Estimated Extent of Overlap: >95%
Atrios is optimistic*:
Federal judge strikes down whole law, sez mandate is unconstitutional and cannot be severed from rest of law.
Maybe we’ll return to my crazy idea to pay for it out of taxes.
The problem is, though, that if the entire bill is struck down Humpty Dumpty isn’t going to be reassembled (let alone in a more pleasing form) for the foreseeable future. First, it’s likely to be be quite a while before we have 60th vote in the Senate as liberal as it was in early 2010 to go with a substantial Democratic House majority and a Democratic president. And, second, the new legislative coalition would have to be more liberal, as the most obvious way of buying off the vested interests without direct tax hikes is no longer available. So the Supreme Court striking down the ACA in its entirety would be very bad — as I suspect Duncan would agree, a decade or three more of the status quo in exchange for a slightly more rational bill isn’t a good tradeoff.
If the mandate is eliminated without severance, though, that’s a different story. As long as the pre-existing conditions ban remains in place (and it would be nearly impossible politically to get rid of it), vested interests would be intensely interested in finding a fix for the mandate, so you wouldn’t need a similarly liberal legislative coalition. I’d buy a conservatives-should-be-careful-what-they-wish-for in that case, but not if the whole ACA is struck down.
*UPDATE: Atrios is not, in fact, optimistic.
I have some thoughts inspired by Jon Cohn’s article about constitutional challenges to the ACA. The short version is that I doubt that even a scenario where the Supreme Court strikes down the mandate — which I still regard as relatively unlikely — would have the far-reaching consequences that libertarian heroes hope. The reason for this is that a radically reduced federal government is a position that has no real political constituency, and the Supreme Court rarely intervenes in such circumstances. Although there’s still a widespread belief that the Supreme Court is “countermajoritarian,” it tends to reflect the values of political elites. (To borrow Mark Graber’s line, a generation of constitutional scholars discussed the Warren Court as if Barry Goldwater won a huge landslide in 1964.) If pro-Hammer v. Dagenhart sentiments become more than a fringe phenomenon, the Supreme Court might join in. In a political context where even tea party congressmen aren’t willing to name a single federal program they’d favor cutting, there’s not going to be any “federalism revolution” or return to the laissez-faire constitutionalism of the Gilded Age.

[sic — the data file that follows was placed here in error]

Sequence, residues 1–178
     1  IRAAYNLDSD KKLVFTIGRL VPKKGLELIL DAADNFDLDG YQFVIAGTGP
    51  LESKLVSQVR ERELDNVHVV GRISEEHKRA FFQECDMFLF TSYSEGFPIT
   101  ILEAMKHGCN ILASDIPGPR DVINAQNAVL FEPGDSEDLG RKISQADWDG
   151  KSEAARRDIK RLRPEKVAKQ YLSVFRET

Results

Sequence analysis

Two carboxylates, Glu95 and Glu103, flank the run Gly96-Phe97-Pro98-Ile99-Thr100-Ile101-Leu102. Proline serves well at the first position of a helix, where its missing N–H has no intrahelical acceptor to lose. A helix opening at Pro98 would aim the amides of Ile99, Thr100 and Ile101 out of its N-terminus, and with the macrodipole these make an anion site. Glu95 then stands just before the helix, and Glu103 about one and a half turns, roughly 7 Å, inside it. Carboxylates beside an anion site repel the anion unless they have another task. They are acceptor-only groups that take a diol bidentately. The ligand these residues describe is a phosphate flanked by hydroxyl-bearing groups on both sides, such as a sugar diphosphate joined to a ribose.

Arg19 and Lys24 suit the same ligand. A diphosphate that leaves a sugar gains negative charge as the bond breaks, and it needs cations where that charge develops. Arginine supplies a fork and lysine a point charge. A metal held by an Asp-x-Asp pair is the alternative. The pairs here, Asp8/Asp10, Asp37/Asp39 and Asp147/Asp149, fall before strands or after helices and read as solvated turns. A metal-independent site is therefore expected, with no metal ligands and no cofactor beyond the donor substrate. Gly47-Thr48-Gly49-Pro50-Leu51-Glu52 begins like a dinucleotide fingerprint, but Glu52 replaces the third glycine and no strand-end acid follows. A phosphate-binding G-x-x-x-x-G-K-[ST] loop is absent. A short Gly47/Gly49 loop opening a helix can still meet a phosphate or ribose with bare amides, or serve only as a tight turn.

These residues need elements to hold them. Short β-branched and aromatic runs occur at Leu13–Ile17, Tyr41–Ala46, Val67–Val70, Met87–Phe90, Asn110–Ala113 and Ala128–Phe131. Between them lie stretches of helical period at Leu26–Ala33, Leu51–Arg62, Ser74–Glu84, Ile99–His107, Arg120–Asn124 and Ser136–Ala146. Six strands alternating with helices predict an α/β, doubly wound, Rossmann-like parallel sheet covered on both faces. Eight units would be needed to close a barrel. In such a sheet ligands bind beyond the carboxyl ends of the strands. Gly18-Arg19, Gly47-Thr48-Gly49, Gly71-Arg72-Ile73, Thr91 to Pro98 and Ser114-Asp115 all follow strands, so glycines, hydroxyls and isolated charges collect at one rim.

In a way, the instructive anecdote Cohn starts with also illustrates the point:
A few weeks ago, I spoke with Hyder at his office, in order to learn more about why he had brought this case. He said his motive was straightforward. He’s opted not to carry health insurance because he doesn’t think the benefits justify the price, and he doesn’t want the government forcing him to do otherwise. Okay, I asked, but what if he gets sick and needs hospitalization? How will he afford those bills? It was a distinct possibility, he agreed, patting his waist and noting that he was a little overweight. But those potential bills would be problems for him and his hospital, he suggested, not society as a whole.
When I told him that I disagreed—that his decision to forgo health insurance meant other people would be paying his bills, via higher taxes and insurance premiums—he politely and respectfully took issue with my analysis. The discussion went back and forth for a while, but soon it became apparent that our differences went beyond the finer points of health care policy, to our most basic understanding of the rights and obligations of citizenship. “It’s a complete intrusion into my business and into my private life,” he told me. “I think it’s one big step towards a socialist society and I’m purely capitalist. I believe in supply-side economics and freedom.”
The guy talks like a libertarian, but note that the punchline isn’t “if I need emergency care, the hospital should refuse to treat me if I can’t pay cash,” it’s “the hospital should treat me and indirectly stick someone else with the bill if I can’t pay.” Tells you what you need to know.
A bill to repeal the health care law drew the full force of both parties Tuesday as debate on the measure opened in the House, launching a two-year battle over President Barack Obama’s signature domestic achievement.
Ahead of the vote Wednesday, House Republican leaders pressed a new line of attack, accusing Democrats of thwarting the will of the people by not committing to give the bill an up-or-down vote in the Senate.
…UPDATE [SL]: Some useful data to put this highly principled Republican claim in context.